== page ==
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The Event Planner's Guide to Surviving a Recession

The Event Planner's Guide to Surviving a Recession

Economic slowdown or recession? Soft landing, hard landing or crash landing? Pick your terminology; the bottom line is that the economy ain't what it was. As a business owner in the event industry, you need to prepare for the changing economic climate. Here are tips on how to guide your business through these uncertain times.

1. Increase your social clientele

Social events, particularly right-of-passage events such as weddings and bar mitzvahs, tend to be fairly recession-proof. Events that happen once in a lifetime (we hope) simply aren't shelved until times improve or a client has more bonus money to spend. People often save for these events over a number of years, and a recession will not stop them from happening.

2. Go after corporate sales events

Follow the money. A company can cut back on a holiday party without affecting its bottom line much (though morale will suffer), but the last thing it wants to do is eliminate a client conference, trade show, sales incentive, product launch or any other event designed to help bring in revenue.

3. Explore outsourcing

In-house meeting/event planners spend money for a company, not make it, so when organizations tighten their belts, they're probably among the first to go. Yet many of the events they handled will continue, although some will be scaled down. Who will plan them? Find that person, and offer your services.

4. Offer value

In a down economy, everyone loves value. While the catch phrase might have been "How can my event stand out from the others?" now it's "How can I show my boss I'm saving money?" Value is the perception that you're getting a good deal, regardless of price. Two hundred dollars a night is great value at a Four Seasons Hotel, but it's highway robbery for a Motel 6. Show your clients ways to save money on their events, and you'll build great loyalty. This doesn't mean you have to cut prices. It simply means you need to be creative in suggesting alternatives. Change the summer outing from a country club to a picnic. Show price reductions for slower times of the week or year, or higher guarantees, or book multiple events at the same time.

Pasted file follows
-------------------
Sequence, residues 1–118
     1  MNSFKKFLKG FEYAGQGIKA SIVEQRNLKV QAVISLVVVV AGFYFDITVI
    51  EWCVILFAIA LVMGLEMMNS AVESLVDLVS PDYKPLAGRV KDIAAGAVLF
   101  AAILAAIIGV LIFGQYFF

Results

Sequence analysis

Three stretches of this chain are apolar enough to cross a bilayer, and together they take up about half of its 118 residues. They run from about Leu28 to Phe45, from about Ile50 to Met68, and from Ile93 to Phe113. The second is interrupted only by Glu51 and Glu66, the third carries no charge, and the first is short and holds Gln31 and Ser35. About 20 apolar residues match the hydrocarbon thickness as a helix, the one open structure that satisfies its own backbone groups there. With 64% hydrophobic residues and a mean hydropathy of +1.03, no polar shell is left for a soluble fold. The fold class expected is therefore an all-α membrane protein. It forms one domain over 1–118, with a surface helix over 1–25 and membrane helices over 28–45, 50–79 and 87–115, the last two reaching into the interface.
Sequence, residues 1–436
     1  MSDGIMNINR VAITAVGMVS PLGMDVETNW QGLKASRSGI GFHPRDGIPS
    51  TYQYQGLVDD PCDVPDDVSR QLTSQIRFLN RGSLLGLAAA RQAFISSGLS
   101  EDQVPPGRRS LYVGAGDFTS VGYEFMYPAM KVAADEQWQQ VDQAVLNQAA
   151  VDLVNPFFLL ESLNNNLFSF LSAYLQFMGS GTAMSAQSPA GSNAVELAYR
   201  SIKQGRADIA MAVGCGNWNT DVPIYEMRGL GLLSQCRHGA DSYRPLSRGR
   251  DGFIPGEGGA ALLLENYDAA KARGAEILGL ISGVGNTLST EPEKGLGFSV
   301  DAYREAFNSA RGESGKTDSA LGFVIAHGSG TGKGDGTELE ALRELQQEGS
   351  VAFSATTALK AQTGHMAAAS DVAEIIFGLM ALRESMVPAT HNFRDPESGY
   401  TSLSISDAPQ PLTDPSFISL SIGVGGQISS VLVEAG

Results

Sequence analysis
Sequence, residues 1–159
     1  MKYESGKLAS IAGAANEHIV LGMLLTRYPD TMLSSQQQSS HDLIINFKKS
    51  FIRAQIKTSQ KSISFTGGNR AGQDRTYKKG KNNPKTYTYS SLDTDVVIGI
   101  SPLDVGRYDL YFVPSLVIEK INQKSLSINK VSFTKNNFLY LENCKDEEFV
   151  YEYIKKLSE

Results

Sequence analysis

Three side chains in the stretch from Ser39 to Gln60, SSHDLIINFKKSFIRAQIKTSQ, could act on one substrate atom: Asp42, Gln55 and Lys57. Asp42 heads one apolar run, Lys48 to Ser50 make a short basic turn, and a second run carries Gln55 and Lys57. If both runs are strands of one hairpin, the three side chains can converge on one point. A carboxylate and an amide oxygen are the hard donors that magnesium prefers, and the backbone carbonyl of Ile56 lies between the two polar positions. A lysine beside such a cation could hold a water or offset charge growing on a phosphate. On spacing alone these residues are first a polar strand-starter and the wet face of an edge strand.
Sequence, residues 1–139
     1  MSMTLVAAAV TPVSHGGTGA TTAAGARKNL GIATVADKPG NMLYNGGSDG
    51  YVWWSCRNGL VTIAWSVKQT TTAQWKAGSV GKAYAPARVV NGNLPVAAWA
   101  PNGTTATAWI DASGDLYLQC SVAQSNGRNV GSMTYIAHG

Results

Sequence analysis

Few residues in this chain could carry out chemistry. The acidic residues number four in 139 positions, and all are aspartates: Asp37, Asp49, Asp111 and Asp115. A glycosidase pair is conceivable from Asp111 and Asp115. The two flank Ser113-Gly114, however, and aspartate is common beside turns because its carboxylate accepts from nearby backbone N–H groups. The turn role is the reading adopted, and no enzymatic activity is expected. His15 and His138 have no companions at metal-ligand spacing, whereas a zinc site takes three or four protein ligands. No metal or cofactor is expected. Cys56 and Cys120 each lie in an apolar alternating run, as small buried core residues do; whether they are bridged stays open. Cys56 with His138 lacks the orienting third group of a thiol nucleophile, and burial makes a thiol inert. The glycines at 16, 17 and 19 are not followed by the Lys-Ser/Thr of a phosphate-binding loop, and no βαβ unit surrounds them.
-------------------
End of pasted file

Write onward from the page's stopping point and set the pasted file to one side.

5 Be discreet

Many clients want to project a perception of frugality, even if they're rolling in money. It might not be considered in great taste to serve caviar at a function, for example, if the company just pink-slipped the back office. Design your events with good, smart taste, and spend your client's money prudently.

6. Watch expenses

When the economy was booming, many business owners got giddy with expansion plans, often green-lighting expenditures without seriously evaluating how the plans would pay for themselves. Now every major expansion expenditure should undergo rigorous analysis.

7. Go for the jugular

While most businesses are battening down the hatches, a few brave companies will see this as an opportunity to get a leg up on their competition. This might be a good time to overhaul your inventory or upgrade key rental items. Sure, you might not be as flush with cash as you were in years past, but neither is your competition. The advantage you build up now might be difficult for competitors to surmount later.

8. Keep your staff working

In slower times it pays to take on as much work as you can, even at lower margins, to keep your staff working and loyal. This also helps preserve any volume discounts you get from suppliers.

Howard Givner is founder and president of Paint The Town Red, a New York-based special event firm. He can be reached by phone at 212/677-3173, ext. 223, or via e-mail: [email protected].

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